Henry Blodget, the former Wall Street analyst and now editor of Business Insider, knows the dotcom bubble very well. You could say he helped build Bubble 1.0 with his enthusiastic research reports, which supported lofty valuations of key dotcom stocks.
When the dotcom bubble turned into a dotbomb, some of the blame landed at Mr Blodget’s feet. The SEC banned him from the securities industry and fined him for sending emails with different opinions to that of his published research reports.
In many ways, Mr Blodget became the poster boy for the dotcom bubble, epitomizing everything that was bad about Wall Street firms and the way they won the business for lucrative IPOs by publishing highly positive research reports.
By all accounts Mr Blodget is very much reformed and chastened by his experience.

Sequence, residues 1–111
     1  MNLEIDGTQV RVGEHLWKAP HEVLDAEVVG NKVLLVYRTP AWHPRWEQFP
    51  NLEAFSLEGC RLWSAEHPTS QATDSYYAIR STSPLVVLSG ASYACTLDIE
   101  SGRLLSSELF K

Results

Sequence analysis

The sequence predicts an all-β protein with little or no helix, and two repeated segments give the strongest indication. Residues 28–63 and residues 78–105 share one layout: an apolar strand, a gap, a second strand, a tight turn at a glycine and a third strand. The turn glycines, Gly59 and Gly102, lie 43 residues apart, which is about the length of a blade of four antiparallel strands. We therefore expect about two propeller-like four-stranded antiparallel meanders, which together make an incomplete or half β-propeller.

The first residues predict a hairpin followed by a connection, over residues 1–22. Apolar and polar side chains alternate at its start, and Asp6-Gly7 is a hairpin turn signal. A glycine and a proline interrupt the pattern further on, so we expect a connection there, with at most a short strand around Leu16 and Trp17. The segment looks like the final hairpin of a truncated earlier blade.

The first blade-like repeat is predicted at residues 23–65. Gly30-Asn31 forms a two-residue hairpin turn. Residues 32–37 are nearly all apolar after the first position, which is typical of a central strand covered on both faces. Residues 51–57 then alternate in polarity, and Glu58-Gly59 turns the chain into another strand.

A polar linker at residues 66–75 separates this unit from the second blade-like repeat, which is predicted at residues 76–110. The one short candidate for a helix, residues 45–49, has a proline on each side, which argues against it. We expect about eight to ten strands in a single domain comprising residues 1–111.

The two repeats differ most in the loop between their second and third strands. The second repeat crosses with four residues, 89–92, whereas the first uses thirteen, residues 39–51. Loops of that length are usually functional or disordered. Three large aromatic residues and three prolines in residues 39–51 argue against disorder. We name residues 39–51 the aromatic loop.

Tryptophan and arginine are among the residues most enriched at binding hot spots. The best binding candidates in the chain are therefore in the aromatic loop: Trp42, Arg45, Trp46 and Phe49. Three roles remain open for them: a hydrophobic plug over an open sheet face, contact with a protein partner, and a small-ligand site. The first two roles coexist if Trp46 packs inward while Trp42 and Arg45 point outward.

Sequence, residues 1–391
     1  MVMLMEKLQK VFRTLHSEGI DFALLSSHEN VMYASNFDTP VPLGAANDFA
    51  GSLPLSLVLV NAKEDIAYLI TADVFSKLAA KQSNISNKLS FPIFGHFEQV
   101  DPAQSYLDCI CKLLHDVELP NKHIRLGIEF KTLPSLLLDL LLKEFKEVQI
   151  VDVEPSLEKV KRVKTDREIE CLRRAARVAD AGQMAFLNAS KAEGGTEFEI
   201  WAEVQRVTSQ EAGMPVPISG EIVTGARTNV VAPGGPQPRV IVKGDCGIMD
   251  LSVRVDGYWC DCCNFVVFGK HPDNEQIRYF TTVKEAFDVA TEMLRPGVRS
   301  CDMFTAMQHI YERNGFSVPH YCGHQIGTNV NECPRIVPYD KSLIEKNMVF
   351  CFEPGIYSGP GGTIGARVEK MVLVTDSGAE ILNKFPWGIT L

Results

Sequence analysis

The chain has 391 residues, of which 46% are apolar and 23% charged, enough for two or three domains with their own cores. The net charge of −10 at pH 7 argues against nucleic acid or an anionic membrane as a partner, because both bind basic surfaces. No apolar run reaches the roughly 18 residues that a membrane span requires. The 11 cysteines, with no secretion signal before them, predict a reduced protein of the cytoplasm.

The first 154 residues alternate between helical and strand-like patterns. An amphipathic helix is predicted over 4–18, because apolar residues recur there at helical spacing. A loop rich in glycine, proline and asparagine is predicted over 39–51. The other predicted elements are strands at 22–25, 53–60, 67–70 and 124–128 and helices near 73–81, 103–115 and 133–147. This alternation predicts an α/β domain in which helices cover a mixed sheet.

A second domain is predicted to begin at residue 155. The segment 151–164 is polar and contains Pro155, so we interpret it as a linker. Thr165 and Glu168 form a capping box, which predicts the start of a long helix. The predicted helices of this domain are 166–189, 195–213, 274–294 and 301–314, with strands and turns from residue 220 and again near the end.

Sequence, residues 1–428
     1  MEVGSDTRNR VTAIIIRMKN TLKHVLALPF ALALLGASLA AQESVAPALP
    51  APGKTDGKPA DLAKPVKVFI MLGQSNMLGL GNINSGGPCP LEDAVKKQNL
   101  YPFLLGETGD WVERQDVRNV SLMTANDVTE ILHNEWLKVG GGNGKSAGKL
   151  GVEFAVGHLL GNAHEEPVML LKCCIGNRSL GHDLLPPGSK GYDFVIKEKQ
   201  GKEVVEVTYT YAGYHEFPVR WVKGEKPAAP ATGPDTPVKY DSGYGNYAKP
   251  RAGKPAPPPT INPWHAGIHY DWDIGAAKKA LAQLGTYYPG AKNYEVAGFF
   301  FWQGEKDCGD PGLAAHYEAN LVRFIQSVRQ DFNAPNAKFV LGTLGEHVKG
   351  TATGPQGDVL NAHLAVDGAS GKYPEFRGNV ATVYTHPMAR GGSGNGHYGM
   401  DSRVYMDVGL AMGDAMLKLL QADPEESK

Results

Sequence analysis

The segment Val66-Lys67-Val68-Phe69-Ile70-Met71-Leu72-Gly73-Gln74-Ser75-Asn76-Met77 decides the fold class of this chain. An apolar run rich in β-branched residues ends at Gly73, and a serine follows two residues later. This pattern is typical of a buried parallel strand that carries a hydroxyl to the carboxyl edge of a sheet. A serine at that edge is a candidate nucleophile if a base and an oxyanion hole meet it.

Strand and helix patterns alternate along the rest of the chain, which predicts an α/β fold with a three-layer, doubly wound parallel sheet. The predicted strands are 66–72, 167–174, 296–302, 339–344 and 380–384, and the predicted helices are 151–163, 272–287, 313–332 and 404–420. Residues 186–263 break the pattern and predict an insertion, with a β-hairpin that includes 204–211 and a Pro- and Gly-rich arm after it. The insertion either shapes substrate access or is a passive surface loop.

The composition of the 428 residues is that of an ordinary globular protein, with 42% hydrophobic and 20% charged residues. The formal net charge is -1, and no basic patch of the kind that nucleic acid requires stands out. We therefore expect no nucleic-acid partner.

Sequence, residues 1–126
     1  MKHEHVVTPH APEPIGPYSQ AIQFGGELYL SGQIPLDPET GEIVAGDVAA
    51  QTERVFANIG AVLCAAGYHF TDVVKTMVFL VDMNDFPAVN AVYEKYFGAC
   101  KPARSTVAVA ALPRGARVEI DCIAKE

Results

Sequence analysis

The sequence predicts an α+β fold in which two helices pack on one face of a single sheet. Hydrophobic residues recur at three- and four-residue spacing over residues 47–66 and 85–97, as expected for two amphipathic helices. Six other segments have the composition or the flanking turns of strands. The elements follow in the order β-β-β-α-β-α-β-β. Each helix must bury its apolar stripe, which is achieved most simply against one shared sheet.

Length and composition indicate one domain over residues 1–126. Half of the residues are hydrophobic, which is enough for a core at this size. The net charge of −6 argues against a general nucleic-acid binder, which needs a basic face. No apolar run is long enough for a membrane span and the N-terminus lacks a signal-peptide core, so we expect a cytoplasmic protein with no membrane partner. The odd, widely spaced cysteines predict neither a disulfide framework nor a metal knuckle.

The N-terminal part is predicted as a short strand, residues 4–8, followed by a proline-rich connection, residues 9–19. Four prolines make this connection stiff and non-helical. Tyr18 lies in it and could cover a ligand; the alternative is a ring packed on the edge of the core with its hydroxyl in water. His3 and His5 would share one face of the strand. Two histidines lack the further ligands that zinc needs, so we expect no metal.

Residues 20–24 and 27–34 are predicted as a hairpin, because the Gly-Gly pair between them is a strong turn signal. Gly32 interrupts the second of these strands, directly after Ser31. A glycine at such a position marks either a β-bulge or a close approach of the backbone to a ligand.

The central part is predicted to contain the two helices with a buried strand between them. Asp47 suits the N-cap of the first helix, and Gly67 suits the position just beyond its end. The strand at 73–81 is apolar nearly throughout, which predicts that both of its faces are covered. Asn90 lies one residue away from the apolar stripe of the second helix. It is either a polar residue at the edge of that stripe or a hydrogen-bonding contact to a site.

So when people ask “Is there a new tech bubble?” because valuations of Facebook, Twitter, Zynga and others tech high flyers are rising faster than their revenues, Mr Blodget is clearly well positioned to compare the present with the past.
He recently made a presentation on this topic and his conclusion was: “No. But there are other things to worry about.”
Here are his key points:
- Valuations of Facebook, Zynga, Groupon (but not Twitter) are high but justified.
- A key difference with Bubble 1.0 is that “crap” companies are not rising.
- The tech sector appears to be in a cyclical boom rather than a bubble.
- A key worry is that US stock market fundamentals are “scary.”
Mr. Blodget estimates that US stocks are overvalued by about 40 percent. A market correction would have a chilling effect on tech company valuations.
You can see his slide deck here:
[Cross-posted at Silicon Valley Watcher]